Divinely Inspired Chinese Culture Thrills Vancouver Audiences

February 6, 2012 Updated: September 29, 2015

VANCOUVER—With its presentation of 5,000 years of history compressed into two hours of entertainment and cultural education, Shen Yun Performing Arts left Vancouver audiences a little richer once again.

The New York-based company played its final show in Vancouver on Feb. 5 before continuing on with its world tour. The Touring Company will be in Calgary, Edmonton, and Regina in April.

Throughout Shen Yun’s four-show run at the Queen Elizabeth Theatre, the audience burst into spontaneous applause during several of the pieces. Each year Shen Yun brings audiences a brand new program consisting of dances, songs, and ancient Chinese legends.

Famed Hungarian award-winning cinematographer Laszlo George who for more than 50 years has experimented with light through cinematography in over 100 films and produced stunning artworks through his mastery of abstract photography, attended the Saturday evening show with three generations of his family.

He summed up the dedication and precision with which the performance was presented.

“I’ll tell you why it’s amazing, this show,” he said. “Everybody has to be 100 percent. Even 99 percent doesn’t work.”

His daughter, set decorator Caroline George-Kohne, was keenly interested in Shen Yun’s digitally animated backdrops that provide imagery for each performance, whisking the audience to distant lands across the Middle Kingdom.


“I loved the visual effects in the background. I have never seen that incorporated with the use of the stage show. I thought that was extremely effective. … I thought it was exceptionally original, I thought it was really great,” she said.

“At times I did think that we were in China. I loved the snow effect. I loved the clouds. I loved the perspective of the mountains from a technical point of view.”

Shen Yun’s orchestra is a unique blend of classical Chinese instruments leading the melodies with a philharmonic orchestra laying the foundation. As one example, the orchestra includes two types of flutes: China’s bamboo flute, and the classical western flute.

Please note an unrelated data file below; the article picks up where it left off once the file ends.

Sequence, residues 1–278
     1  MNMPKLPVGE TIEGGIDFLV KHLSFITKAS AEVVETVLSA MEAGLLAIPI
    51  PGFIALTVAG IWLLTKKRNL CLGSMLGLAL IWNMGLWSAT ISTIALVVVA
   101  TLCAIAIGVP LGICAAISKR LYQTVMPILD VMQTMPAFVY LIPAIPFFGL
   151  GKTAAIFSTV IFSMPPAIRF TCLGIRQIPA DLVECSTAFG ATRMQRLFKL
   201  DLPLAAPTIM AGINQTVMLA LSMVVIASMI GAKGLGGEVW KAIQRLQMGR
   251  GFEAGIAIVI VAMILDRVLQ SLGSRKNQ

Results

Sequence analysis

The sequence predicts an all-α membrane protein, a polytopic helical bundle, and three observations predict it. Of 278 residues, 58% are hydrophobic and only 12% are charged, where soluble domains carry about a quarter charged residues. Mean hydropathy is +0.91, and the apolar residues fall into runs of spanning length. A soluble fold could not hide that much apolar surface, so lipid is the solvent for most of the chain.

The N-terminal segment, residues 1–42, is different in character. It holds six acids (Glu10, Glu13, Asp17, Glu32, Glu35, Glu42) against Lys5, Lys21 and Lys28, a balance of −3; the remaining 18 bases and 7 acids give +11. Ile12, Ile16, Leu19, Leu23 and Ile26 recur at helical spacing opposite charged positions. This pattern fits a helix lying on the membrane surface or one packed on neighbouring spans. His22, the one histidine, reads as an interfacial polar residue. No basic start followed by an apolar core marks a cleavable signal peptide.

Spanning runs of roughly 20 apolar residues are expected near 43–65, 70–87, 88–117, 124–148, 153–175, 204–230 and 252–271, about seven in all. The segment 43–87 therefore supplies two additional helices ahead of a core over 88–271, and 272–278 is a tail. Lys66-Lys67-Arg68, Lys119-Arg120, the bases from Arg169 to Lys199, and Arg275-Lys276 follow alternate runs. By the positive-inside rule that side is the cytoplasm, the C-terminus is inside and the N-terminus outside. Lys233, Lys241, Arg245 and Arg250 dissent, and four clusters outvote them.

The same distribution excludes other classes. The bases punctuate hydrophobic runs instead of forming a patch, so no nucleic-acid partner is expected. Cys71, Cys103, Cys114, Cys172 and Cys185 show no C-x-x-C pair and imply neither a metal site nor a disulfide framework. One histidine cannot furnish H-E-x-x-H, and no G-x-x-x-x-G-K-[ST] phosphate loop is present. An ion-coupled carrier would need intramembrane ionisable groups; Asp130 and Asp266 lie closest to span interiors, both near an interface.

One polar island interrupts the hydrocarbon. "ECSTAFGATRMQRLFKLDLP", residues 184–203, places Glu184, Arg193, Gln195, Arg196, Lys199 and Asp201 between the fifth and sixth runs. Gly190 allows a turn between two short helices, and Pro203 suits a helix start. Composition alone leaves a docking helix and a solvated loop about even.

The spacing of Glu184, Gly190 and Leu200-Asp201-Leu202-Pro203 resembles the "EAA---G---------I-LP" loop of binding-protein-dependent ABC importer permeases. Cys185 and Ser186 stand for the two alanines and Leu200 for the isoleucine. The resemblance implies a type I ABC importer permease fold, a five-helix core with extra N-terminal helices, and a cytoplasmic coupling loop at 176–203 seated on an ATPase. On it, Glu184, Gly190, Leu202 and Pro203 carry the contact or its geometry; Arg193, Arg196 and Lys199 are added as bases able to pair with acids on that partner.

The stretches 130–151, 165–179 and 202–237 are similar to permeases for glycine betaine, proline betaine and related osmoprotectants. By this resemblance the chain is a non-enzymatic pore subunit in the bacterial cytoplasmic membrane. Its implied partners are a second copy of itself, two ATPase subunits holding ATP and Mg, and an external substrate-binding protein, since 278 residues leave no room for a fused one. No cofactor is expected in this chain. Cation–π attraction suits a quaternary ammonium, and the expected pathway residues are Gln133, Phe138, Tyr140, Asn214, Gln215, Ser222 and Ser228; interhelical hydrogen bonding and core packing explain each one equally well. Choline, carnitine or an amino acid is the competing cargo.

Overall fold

Holly Burke, an accomplished musician known for her magic on the flute and a voice to go with it, sang the praises of the orchestra.

“They played so beautifully, professionally, I thought it was impeccably played; lovely flute work, love the gong. I wish I had a gong in my band.”

Renowned Canadian fashion designer Rozemerie Cuevas fell in love with traditional Chinese couture at after seeing the show on Saturday afternoon.

“The show was fantastic,” said the designer, who has won international acclaim during her quarter-century career in the industry.

“The costumes were absolutely beautiful. The selection of colour, the choice of fabric, and how they flowed with the dance was really very appropriate.”

Profound Performance

Much like the legendary tales played out in some of Shen Yun’s pieces, audience member Qiu Mingwei’s has faced a harrowing journey of his own in China.

As a former deputy director at China’s state-controlled newspaper the People’s Daily, Mr. Qiu fled from the country in 2009 to avoid persecution. His crime? Participating in a pro-democracy march in Hong Kong and advocating for human rights in China.

“Watching the show, I can see that the Shen Yun dancers have undergone arduous training. They really embody the [Chinese proverb] ‘One minute onstage, ten years of practice.’ Their dances can only be deemed a success,” he said.

“The presentation of the program How the Monkey King Came to Be was very sincere, and in just a short dance, it gave the audience a glimpse of God-given Chinese culture. … The show passes on divinely inspired Chinese culture.”

Among the audience on opening night was renowned Taiwanese artist Chang Chun Chieh, who serves as a consultant for the Chinese Canadian Artists Federation in Vancouver.

 

“The performance was very fulfilling, fantastic, and profound,” said Mr. Chang.

“The design of the backdrops, the movements of the dancers, and the transition between the different scenes all transcended time-space and showcased history, the present, and the future.

Mr. Chang said Shen Yun guides its audience to “understand the present day with respect to history, understand humanity with respect to oneself, and understand the future with respect to the present.”

“It guides people to ponder about the world and the meaning of life,” he said.

Shen Yun Performing Arts, based in New York, tours the world on a mission to revive traditional Chinese culture.

New York-based Shen Yun Performing Arts has three touring companies that perform simultaneously around the world.

For more information, visit ShenYunPerformingArts.org